Results

Growth promotion characteristics of P. polymyxa SC2 on peppers

To identify growth promotion characteristics of P. polymyxa SC2 on pepper, pot experiments in healthy soil and continuous cropping soil were performed in the greenhouse. In healthy soil, there were distinct differences in pepper growth between the P. polymyxa SC2-treated group and the control group. At 30- and 40-days post-inoculation (dpi), stem diameters of peppers inoculated with P. polymyxa SC2 were significantly thicker than those of the control group, with increases of 5.26 and 5.7%, respectively (P < 0.05; Fig. 1a). At 50 dpi, there was an extremely significant difference (P < 0.01) in the stem diameter of peppers, with a 6.52% increase in the P. polymyxa SC2-treated group compared with the control group. The growth status of pepper treated with P. polymyxa SC2 in healthy soil at 40 dpi was shown in Fig. 1b. At 40 dpi, the indices of pepper leaves were evaluated (Table 1). The width and length of leaves in the P. polymyxa SC2-treated group were 6.1 and 4.51% larger, respectively, than those of the control group. There was a significant difference (P < 0.05) in chlorophyll content between the two treatment groups. Chlorophyll content in the P. polymyxa SC2-treated group increased by 14% compared with the control group. These results indicated that P. polymyxa SC2 promoted the growth of pepper in healthy soil.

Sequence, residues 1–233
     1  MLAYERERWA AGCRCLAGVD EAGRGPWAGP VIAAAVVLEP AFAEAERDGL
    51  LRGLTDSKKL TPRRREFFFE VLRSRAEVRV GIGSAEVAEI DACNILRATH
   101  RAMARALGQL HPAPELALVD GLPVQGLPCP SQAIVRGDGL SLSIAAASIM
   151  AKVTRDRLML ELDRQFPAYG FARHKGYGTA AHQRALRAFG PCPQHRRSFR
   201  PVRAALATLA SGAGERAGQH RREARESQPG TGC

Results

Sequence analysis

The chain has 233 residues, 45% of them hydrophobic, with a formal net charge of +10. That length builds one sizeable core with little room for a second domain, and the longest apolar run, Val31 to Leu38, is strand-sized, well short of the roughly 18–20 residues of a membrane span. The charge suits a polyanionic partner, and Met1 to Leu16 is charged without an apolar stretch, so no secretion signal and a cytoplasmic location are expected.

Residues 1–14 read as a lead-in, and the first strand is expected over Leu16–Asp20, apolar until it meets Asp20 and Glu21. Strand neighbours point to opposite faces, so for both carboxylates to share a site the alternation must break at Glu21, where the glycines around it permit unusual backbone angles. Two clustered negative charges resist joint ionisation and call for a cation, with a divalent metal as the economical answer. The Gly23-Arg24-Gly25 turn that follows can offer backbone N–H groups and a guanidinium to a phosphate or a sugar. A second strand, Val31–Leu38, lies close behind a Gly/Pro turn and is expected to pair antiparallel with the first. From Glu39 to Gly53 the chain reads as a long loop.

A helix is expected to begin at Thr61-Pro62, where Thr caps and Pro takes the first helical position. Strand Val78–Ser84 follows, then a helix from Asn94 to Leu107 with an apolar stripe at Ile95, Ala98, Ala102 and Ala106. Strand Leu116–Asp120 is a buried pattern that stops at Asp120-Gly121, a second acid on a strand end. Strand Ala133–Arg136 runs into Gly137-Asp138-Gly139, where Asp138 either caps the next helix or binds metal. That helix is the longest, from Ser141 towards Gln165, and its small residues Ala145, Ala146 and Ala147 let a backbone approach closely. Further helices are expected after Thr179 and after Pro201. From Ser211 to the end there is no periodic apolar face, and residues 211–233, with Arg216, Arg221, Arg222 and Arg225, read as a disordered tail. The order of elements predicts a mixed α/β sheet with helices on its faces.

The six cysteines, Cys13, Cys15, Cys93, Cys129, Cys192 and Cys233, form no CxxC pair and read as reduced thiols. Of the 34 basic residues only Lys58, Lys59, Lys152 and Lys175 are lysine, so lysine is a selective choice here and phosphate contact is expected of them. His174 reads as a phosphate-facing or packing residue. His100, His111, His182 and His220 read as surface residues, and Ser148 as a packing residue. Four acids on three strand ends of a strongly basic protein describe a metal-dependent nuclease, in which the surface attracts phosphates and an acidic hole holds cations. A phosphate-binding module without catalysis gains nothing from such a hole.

Fig. 1
figure1

Interaction effects of P. polymyxa SC2 on pepper seedlings. In pot experiments, a pepper seedling was irrigated with 5 mL P. polymyxa SC2 cells (1 × 108 CFU/mL) and diluted with water to 200 mL. Control plant was irrigated with 5 mL sterilized LB medium diluted with water to 200 mL. At 30, 40, and 50 dpi, stem diameters (diameter at the ground base) were investigated. Panel (a) shows pepper stem diameters in healthy (H) soil and continuous cropping (C) soil. Values indicate means ± SD (n = 9; * P < 0.05, ** P < 0.01, Student’s t-test). Panel (b) is a representative image of the status of pepper in healthy soil at 40 dpi.

Table 1 Indices of pepper leaves in healthy soil at 40 dpi

In the continuous cropping soil, P. polymyxa SC2 also promoted the growth of pepper, as evidenced by increases in the diameters of pepper stems at different harvest intervals (Fig. 1a). At 30 dpi, stem diameters in the P. polymyxa SC2-treated group were 6.4% thicker than the control group (P < 0.01), and at 40 and 50 dpi, the differences in pepper stem diameters between the two treatment groups were significant at the level of P < 0.05.